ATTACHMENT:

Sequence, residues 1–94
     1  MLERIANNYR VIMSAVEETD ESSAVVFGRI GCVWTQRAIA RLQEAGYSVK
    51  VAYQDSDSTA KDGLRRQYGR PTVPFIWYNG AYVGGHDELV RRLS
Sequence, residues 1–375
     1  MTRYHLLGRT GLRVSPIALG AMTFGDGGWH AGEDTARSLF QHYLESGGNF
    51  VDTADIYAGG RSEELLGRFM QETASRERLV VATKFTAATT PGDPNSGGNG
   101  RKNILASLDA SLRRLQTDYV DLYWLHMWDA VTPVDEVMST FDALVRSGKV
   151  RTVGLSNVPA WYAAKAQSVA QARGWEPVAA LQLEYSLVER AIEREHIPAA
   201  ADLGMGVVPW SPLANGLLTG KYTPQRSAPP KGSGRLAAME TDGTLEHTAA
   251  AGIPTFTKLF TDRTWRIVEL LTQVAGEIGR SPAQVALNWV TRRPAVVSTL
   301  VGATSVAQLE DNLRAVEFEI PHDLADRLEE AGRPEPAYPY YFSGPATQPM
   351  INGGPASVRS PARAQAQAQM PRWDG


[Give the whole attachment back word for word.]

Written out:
Sequence, residues 1–94
     1  MLERIANNYR VIMSAVEETD ESSAVVFGRI GCVWTQRAIA RLQEAGYSVK
    51  VAYQDSDSTA KDGLRRQYGR PTVPFIWYNG AYVGGHDELV RRLS
Sequence, residues 1–375
     1  MTRYHLLGRT GLRVSPIALG AMTFGDGGWH AGEDTARSLF QHYLESGGNF
    51  VDTADIYAGG RSEELLGRFM QETASRERLV VATKFTAATT PGDPNSGGNG
   101  RKNILASLDA SLRRLQTDYV DLYWLHMWDA VTPVDEVMST FDALVRSGKV
   151  RTVGLSNVPA WYAAKAQSVA QARGWEPVAA LQLEYSLVER AIEREHIPAA
   201  ADLGMGVVPW SPLANGLLTG KYTPQRSAPP KGSGRLAAME TDGTLEHTAA
   251  AGIPTFTKLF TDRTWRIVEL LTQVAGEIGR SPAQVALNWV TRRPAVVSTL
   301  VGATSVAQLE DNLRAVEFEI PHDLADRLEE AGRPEPAYPY YFSGPATQPM
   351  INGGPASVRS PARAQAQAQM PRWDG